Need something to read this Labor Day? I’ve gradually built a collection of short stories (and a poem) at my blog Short Stories by Richard. These small works of fiction are ideal for a beach read. Or half an hour by the pool.

Enjoy your day and thank you for supporting Cool San Diego Sights! I plan to head up to Balboa Park! What will I discover today? I don’t know!


Seeds in your mind: More short works of fiction.

Can you believe it? My writing blog Short Stories by Richard now contains 23 short stories and a poem!

My works of fiction (and poem) operate like small seeds in your fertile mind. Plant one or two–and see what might grow.

Are you curious? Simply click the following links to read my most recent stories:

A Short Bloom offers the wisdom of one gardener.

Writing Infinity is a poem about capturing perfect truth.

Walking on Light is a strange, magical story about an uplifting kind of light.

Beth’s Window contains flowers that will always regrow.

A Bottle of Polish is a tragic story about one person’s secret shine.

How to Catch a Crab is about mystery, danger and a boy’s desire.

Elvis and the Time Machine proves that anyone can time travel.

Thank you for visiting my blog!


Stingaree: an exciting novel set in early San Diego!

Historical photo of the First and Last Chance Saloon, inside San Diego's rowdy Stingaree District.
Historical photo of the First and Last Chance Saloon, inside San Diego’s rowdy Stingaree District.

Murder! Gambling halls and brothels! Wyatt Earp! Corrupt police! Scheming businessmen! Secretive gangs! Pirates! A rip-roaring story dripping with suspense and excitement!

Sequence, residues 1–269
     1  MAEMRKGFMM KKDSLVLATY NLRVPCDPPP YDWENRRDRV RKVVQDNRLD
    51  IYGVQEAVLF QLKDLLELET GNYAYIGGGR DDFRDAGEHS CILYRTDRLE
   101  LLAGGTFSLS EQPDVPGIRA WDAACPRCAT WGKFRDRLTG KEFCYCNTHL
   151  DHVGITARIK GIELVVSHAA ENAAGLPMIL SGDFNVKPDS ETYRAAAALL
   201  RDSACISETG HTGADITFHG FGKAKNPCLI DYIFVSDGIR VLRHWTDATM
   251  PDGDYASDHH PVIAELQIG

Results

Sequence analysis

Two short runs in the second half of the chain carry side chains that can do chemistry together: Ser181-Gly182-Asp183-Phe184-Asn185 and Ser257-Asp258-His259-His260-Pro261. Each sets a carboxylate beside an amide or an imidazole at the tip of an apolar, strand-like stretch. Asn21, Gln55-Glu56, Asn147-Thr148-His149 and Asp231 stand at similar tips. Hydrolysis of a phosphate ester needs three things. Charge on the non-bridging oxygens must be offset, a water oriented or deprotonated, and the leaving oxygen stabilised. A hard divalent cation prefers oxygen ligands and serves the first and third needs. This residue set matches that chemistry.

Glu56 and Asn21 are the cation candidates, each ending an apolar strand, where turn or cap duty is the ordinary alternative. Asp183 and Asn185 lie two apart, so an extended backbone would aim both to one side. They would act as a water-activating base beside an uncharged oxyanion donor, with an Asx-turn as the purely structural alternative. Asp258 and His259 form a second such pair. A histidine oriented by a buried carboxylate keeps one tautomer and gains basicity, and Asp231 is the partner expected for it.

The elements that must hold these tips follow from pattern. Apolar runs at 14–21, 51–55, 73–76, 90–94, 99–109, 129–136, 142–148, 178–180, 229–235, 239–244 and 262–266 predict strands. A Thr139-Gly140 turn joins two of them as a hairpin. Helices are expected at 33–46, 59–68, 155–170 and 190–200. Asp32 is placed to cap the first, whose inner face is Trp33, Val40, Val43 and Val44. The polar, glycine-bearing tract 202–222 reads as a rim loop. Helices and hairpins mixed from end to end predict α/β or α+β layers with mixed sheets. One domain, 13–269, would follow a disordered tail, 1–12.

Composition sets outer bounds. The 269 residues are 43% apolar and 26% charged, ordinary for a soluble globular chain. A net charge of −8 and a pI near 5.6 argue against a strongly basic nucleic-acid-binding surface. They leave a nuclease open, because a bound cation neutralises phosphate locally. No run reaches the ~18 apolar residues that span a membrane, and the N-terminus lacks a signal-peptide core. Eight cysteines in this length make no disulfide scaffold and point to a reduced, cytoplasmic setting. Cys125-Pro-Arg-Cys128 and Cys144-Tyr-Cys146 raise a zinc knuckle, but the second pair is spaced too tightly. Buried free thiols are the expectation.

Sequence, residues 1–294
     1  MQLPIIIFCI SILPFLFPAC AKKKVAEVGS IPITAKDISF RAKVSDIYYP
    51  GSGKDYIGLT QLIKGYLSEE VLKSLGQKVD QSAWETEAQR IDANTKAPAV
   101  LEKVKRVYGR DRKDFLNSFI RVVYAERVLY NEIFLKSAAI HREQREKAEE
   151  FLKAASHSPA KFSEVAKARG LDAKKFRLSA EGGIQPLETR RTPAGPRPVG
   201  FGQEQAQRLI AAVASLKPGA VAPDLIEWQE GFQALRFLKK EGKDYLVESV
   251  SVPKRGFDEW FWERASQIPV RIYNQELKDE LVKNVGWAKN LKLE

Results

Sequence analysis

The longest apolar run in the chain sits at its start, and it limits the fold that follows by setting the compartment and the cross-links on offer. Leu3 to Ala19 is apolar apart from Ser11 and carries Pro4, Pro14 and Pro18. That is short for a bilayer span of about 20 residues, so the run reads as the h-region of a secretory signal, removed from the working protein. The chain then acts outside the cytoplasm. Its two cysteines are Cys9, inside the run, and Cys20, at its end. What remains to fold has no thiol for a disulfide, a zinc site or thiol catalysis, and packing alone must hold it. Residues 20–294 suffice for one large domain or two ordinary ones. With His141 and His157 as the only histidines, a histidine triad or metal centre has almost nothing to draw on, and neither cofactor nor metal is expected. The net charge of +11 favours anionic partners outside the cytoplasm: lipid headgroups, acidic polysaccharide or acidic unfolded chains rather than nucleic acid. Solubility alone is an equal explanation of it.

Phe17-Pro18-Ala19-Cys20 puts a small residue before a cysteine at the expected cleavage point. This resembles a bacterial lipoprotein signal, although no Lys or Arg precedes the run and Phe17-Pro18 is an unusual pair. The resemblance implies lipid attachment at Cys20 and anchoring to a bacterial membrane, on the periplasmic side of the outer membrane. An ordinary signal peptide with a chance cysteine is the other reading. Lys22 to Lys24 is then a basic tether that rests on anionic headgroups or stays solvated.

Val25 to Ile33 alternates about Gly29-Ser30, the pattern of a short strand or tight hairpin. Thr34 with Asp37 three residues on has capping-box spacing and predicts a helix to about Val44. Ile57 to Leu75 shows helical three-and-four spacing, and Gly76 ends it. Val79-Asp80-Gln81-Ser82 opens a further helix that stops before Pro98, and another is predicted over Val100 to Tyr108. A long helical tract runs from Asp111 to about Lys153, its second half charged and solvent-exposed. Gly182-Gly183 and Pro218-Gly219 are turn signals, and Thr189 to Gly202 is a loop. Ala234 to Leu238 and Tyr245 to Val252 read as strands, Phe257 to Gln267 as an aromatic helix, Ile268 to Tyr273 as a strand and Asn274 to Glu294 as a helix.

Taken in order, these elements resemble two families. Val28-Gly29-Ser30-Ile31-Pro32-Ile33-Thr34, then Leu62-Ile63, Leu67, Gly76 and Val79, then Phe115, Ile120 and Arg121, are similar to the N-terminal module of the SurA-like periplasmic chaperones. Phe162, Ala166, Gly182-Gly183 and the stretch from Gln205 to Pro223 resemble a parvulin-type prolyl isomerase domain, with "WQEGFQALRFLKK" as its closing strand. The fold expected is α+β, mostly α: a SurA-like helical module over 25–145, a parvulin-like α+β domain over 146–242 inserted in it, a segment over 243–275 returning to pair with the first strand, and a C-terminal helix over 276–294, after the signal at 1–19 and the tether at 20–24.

Would you like to read the first eight chapters of a thrilling novel set in late 19th century San Diego? Jack Tyler, a talented author of adventure and steampunk fiction, is now writing an action-packed novel titled Stingaree, which takes place in San Diego’s old red-light district–an area of town that today is part of the Gaslamp Quarter. He has made all eight completed chapters available to the public–for free!

In the late 1800s, the Stingaree was where sailors, ranch hands, and the working class sought their thrills in a depressed and rather desolate city. It was home to dozens of gambling parlors, whorehouses and saloons. Law-abiding citizens stayed away for their own safety. To be seen in the Stingaree might destroy one’s reputation. At night all hell would break loose. Those who prospered running tawdry businesses in the Stingaree had to pay the police bribes and watch their own backs.

In the novel Stingaree, the reader will recognize a variety of historical persons and locations. From the construction of the Hotel del Coronado, to George Marston’s department store, to the Horton House Hotel–the story is an exciting journey back in time. Jack Tyler successfully presents a city full of danger, uncertainty and great promise. From his imagination emerges an assortment of wonderfully inventive characters.

I must say I really enjoyed reading the completed chapters. This is the sort of smart, well-constructed story that would make for a really entertaining movie or television series. Cliffhangers and plot twists abound. Enjoy it for free by clicking here!

After reading Jack Tyler’s short introduction to Stingaree, click on each chapter that he has made available. You’ll have great fun!